Watch for Hidden Volatility in Grain PricingPosted in: Business By Lawrence Klusa March 28 2016
Beware of Hidden Volatility! Hybrid Basis Contracts have Ramped up Farmers’ Foreign Exchange Exposure
Grain pricing has never been easy. In Canada, the foreign exchange component adds a whole new level of complexity because, historically, futures and basis needed to be converted to Canadian currency in order to calculate the price to the farmer.
In order to simplify the foreign exchange component many grain companies started to offer basis contracts using a hybrid pricing method. This essentially means the futures component is priced in US dollars at par, the basis in Canadian dollars, and payment in Canadian dollars. Any change in the exchange rate is now incorporated into the basis rather than the futures.
While this methodology is simple to understand, it creates increased volatility in the basis offered to farmers for their grain and potentially widely divergent price returns when pricing grain using hybrid basis contracts.
Let’s look at a pricing example for a farmer with a basis contract locked in using the hybrid pricing methodology, and a basis contract locked in using the Canadian dollar pricing methodology (all prices are dollars per tonne unless otherwise specified):
Time Period 1
US$1 = Cdn$1 (at par, which is where we were three years ago)
FOB values: US$300 = Cdn$300
Cost of shipping and elevation to export position: Cdn$60 (in the real world this basis is usually wider because of grain company margins)
US futures: US$275 = Cdn$275
Value in the country: Cdn$240 (Cdn$300 – Cdn$60)
Therefore, basis to futures would be: Cdn$-35 (Cdn$240 – US$275), the same for both the hybrid basis calculation method and the Canadian dollar basis calculation method
Time Period 2
Now assume the Canadian dollar falls to 75 cents per one US dollar:
US$1 = Cdn$1.3333
US$ FOB grain prices and US$ futures prices remain unchanged
FOB values: US$300 = Cdn$400 (in the real world wheat prices fell as the US dollar strengthened, but for illustration purposes we will keep the US dollar FOB wheat price and US futures price unchanged to provide a better understanding of the level of foreign exchange exposure the farmer faces with hybrid contracts)
Cost of shipping and elevation: Cdn$60
US futures: US$275 = Cdn$366.67
Value in the country: Cdn$400 – Cdn$60 = Cdn$340
Time Period 2, Part A – Hybrid Basis Change
In Time Period 2, when using the hybrid basis calculation method, the basis to futures would be:
Cdn$+65 (Cdn$340 – $275). The hybrid basis methodology keeps the futures component unchanged for calculation purposes.
When comparing Time Period 1 to Time Period 2, Part A, there is a net basis change of: Cdn$100 (Cdn$65 minus Cdn$-35).
The change in the basis is very large even though the price of the grain in US dollars is unchanged.
Time Period 2, Part B – Canadian Dollar Basis Change
In Time Period 2, when using the Canadian dollar basis calculation method, the basis to the futures would be: Cdn$-26.67 (Cdn$340 – Cdn$366.67). The Canadian dollar basis methodology changes the futures component to the Canadian dollar equivalent.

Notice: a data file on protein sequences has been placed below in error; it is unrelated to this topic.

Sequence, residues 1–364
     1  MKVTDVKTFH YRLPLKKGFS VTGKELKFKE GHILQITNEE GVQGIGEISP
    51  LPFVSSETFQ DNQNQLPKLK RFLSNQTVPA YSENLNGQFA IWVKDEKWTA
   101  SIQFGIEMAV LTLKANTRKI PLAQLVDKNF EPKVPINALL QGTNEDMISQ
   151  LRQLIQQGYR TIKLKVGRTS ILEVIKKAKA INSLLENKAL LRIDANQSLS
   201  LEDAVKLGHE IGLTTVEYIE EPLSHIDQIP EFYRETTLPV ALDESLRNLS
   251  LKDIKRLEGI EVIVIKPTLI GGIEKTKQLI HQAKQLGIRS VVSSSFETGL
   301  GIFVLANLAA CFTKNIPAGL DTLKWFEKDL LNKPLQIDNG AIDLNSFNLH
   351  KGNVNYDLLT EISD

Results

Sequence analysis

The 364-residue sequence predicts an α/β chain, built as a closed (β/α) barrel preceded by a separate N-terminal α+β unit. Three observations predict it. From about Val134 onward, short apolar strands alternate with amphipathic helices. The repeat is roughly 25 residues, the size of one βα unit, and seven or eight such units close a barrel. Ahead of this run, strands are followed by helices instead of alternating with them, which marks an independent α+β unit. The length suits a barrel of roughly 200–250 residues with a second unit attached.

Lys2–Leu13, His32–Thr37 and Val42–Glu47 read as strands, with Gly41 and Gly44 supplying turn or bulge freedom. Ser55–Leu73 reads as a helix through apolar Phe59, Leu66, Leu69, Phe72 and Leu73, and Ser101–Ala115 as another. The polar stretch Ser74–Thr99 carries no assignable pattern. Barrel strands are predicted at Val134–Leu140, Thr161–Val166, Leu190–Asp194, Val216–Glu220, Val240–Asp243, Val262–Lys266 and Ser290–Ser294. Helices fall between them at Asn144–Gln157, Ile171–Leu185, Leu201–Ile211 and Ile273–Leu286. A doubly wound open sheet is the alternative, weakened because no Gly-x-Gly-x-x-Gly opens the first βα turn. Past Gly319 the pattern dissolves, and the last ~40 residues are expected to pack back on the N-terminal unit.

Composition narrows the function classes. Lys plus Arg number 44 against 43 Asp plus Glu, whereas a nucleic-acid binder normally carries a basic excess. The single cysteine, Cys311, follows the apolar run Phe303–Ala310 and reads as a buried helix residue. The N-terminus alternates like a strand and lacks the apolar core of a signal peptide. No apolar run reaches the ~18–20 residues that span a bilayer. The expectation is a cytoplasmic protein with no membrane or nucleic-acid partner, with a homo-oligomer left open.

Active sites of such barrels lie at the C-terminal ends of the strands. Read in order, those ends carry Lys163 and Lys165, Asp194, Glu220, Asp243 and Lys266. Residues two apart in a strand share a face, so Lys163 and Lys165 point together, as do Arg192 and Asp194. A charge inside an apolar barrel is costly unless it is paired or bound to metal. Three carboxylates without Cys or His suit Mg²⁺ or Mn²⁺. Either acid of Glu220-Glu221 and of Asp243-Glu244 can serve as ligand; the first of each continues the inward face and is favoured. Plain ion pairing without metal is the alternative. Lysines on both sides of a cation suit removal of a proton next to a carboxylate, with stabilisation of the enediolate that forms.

When comparing Time Period 1 to Time Period 2, Part B, there is a net basis change of: $8.33 per tonne (Cdn$-26.67 minus Cdn$-35).
When contacts are priced with the futures priced in Canadian dollars the change in the basis is small relative to the change in the basis is calculated using the hybrid methodology.
Now back to our original farmer with basis contracts to price against the futures after the change in the exchange rate.
Time Period 2, Part C – Calculation of Final Return using Hybrid Basis Methodology
The net value to the farmer that locked in a basis contract when the dollar was at par and now having to price after the change in the exchange rate using the hybrid methodology is: Cdn$240 ($275 – $35)
Cdn$6.53 per bushel.
Time Period 2, Part D – Calculation of the Final Return using the Canadian Dollar Basis Methodology
The net value to the producer that locked in a basis contract when the dollar was at par and now having to price after the change in the exchange rate using the Canadian dollar methodology is:
Cdn$331.66 ($366.67 – $35)
Cdn$9.03 per bushel.
The difference between the price in Part C, using the hybrid basis methodology and Part D, using the Canadian dollar basis methodology, is Cdn$ 91.66 or Cdn$ 2.50/bushel even though the US dollar value of the commodity did not change.
This value represents the loss to the farmer just from a change in the value of the Canadian dollar and the methodology used to calculate the basis.
A farmer takes on large foreign exchange exposure when locking in hybrid basis contracts. However, a farmer has considerably less foreign exchange exposure when locking in basis contracts priced using the Canadian dollar methodology.
Farmers will only want to lock in a basis using hybrid basis calculation methodology if they believe the foreign exchange rate will remain unchanged or the Canadian dollar will appreciate against the US dollar.
Pricing Canadian grains against US futures can be a complicated issue with the multiple pricing options and pricing methodologies available.
Farmers need to be on their mathematical toes to avoid having a bite taken out of their financial assets.
Lawrence Klusa is an Agri-Trend Market Coach. Call him at 204-489-1225 if you need assistance in understanding the pricing options and methodologies available.
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